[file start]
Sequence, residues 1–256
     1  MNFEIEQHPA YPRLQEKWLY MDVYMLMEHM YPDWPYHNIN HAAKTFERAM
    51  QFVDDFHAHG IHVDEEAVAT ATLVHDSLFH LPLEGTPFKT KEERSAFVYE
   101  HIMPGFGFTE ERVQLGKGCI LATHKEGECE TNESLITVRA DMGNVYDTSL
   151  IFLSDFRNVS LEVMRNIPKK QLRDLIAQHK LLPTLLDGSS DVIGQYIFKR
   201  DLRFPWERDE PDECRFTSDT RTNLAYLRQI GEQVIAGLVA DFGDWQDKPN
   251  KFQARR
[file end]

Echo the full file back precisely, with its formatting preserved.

Sequence, residues 1–256
     1  MNFEIEQHPA YPRLQEKWLY MDVYMLMEHM YPDWPYHNIN HAAKTFERAM
    51  QFVDDFHAHG IHVDEEAVAT ATLVHDSLFH LPLEGTPFKT KEERSAFVYE
   101  HIMPGFGFTE ERVQLGKGCI LATHKEGECE TNESLITVRA DMGNVYDTSL
   151  IFLSDFRNVS LEVMRNIPKK QLRDLIAQHK LLPTLLDGSS DVIGQYIFKR
   201  DLRFPWERDE PDECRFTSDT RTNLAYLRQI GEQVIAGLVA DFGDWQDKPN
   251  KFQARR